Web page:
How Sensibly Does the Council of State Counsel President Mahama?
To start with, how is the membership of the Council of State selected? Who are the current members? When and how often do they sit to counsel the President, if they do it at all? On what issues do they advise the President?
One may say why do you bother us with these questions which are already answered in the 1992 Ghana Constitution? Yes, some of the answers are found in the Constitution but I need confirmation from you, the public readers.
Does the Council of State wait to be approached by the President before they advise him on certain issues on which he may seek their opinion or they go to him with advice on certain things that they feel the President must be given correct directions?
Is the Council of State any credible organisation at all? Does it seek the long term collective interests of Ghanaians or they are there to help only the President even if he is doing wrong?
The last time I checked, the Council of State had advised President Mahama to remit the prison sentence of the notorious Montie 3 (Messrs Salifu Maase, alias Mugabe, Alistair Nelson and Ako Gunn) to one month. They had agreed that four months prison sentence meted out to the would-be murderers mentioned above was too harsh hence the obligatory need for the President to exercise his prerogative of mercy under the 1992 Constitutional Article 72 to free the contemnors scheming against some Supreme Court judges.
Should I query the Council of State about if ever they had advised President Mahama to stop the insults and threats always employed on air by Mugabe and his panellists with intent to cow some chiefs, opposition parties’ leaders and members of the public?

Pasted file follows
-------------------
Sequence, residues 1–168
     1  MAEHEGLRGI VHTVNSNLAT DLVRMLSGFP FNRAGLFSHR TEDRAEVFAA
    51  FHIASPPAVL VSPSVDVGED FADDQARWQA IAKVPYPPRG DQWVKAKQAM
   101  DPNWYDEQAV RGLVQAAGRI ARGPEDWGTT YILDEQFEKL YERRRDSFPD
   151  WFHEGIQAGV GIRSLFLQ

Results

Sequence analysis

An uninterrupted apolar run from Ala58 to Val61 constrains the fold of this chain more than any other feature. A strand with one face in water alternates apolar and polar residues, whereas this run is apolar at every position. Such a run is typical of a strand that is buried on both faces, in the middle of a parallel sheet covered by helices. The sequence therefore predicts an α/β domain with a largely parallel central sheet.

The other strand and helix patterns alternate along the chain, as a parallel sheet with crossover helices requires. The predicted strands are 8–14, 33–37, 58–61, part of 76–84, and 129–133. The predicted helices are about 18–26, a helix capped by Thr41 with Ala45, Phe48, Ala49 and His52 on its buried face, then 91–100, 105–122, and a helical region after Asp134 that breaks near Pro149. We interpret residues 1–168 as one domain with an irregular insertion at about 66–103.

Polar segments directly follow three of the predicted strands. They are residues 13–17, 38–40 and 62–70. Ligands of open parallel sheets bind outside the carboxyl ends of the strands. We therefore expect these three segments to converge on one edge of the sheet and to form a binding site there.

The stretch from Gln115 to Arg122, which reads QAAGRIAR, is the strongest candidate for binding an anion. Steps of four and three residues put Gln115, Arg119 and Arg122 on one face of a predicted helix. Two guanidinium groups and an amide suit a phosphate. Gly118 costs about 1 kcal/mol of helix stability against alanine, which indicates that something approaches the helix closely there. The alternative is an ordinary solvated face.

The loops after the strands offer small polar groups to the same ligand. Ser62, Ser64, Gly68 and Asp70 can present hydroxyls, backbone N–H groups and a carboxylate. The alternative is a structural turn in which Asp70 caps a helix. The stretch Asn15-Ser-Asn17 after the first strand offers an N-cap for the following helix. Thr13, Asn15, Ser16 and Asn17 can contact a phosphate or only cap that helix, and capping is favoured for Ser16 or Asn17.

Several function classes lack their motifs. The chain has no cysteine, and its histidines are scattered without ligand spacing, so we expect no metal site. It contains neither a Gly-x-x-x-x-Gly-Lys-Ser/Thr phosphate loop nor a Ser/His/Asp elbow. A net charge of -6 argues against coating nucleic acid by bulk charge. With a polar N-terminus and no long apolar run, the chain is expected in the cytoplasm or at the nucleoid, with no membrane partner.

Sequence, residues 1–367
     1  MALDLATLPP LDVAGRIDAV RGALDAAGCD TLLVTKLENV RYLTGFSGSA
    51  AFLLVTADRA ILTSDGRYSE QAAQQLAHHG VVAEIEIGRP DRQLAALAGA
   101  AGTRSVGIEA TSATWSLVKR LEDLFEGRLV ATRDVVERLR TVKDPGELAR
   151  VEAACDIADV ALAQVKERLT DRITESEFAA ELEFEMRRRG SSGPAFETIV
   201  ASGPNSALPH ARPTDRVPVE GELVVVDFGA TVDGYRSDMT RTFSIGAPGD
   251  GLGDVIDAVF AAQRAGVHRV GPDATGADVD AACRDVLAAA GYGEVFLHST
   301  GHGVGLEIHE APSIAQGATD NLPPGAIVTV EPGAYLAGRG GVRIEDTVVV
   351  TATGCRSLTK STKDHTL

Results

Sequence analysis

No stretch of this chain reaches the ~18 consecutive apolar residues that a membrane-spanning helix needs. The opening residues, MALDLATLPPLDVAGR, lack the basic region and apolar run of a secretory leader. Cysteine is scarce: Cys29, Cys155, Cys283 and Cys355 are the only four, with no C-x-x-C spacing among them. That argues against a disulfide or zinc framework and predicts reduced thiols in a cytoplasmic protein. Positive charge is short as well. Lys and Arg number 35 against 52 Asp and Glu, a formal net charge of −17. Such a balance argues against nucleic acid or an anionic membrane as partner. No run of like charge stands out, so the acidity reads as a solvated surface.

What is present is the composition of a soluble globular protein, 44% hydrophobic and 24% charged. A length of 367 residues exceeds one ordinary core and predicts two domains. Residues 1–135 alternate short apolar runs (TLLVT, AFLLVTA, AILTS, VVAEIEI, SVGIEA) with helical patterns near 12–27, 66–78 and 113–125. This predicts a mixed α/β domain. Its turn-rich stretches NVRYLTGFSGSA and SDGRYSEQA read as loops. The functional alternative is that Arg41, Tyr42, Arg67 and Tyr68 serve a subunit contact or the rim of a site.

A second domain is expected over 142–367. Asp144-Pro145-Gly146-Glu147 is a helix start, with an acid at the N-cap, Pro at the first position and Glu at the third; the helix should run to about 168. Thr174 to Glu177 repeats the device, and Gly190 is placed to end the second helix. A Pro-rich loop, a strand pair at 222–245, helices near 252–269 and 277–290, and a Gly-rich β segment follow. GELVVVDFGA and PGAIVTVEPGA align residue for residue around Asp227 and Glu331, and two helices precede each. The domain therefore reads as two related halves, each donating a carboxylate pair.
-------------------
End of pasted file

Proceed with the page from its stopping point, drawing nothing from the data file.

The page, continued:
Has the Council of State ever advised President Mahama to cease his corruption, practice of selective justice, nepotism and how badly he is managing the affairs and resources of Ghana or they see nothing wrong about the obvious shortcomings of the President because they are all “same same” as someone may jokingly say? Are they also as corrupt as President Mahama because they are all NDC or share the same selfish and myopic views?
Did the Council of State find it appropriate the refusal by the Attorney General to prosecute the Montie 3 when they threatened on air to kill some Supreme Court judges and, or marry by force (rape of course) the Chief Justice, Mrs Theodora Georgina Wood?
I am sure the Council of State members are all supportive of the evil practices by President Mahama and the NDC government and party. This may explain why Ghana is sinking under the lawlessness, institutional corruption, practice of selective justice and nepotism glaringly in perpetuation by President Mahama and his government.
It is on record that some High Court and Magistrate Court judges with some court officials inclusive, accepted bribes in the form of goats, sheep, cats, plantain, yams and or money to twist justice in favour of the highest bidders who might normally have been the guilty party. Some of these people who suffered injustices by the abuse of power by these corrupt and shamefully unprofessional judges are lingering in prisons sentenced to various terms of years of imprisonment. Has the Council of State suggested to, let alone, advised, the President, to release them from prison by way of granting them presidential pardon or remitting their sentences?
When you compare this group of prisoners just mentioned above to the notorious NDC fanatics plotting to kill innocent Supreme Court Justices – the Montie trio, which one deserves presidential pardon or remission?
This is Ghana for you where everything runs upside down to acceptable or recognized international standards and normality; the usual “Ghana dee saa” practice or nonsense.
To be honest with you, I have lost respect for the so-called Mahama’s Council of State, that “like father like son” organization. As it is in all facades of President Mahama’s life, so the Council of State is, I should think. Can it be any different or better? No!!! If so, then shame on them.
Should I be seen as being highly critical of some institutions and persons in Ghana, then it is all because of my belief in what was once said by Emperor Haile Selassie of Ethiopia and my avid interest in seeing it contrarily materialised in my life for the benefit of my entire Ghanaian compatriots. He said, “Throughout history, it has been the inaction of those who could have acted; the indifference of those who should have known better; the silence of the voice of justice when it mattered most; that has made it possible for evil to triumph”
I shall act at the right time but not to be like those seen to be castigated by the Emperor.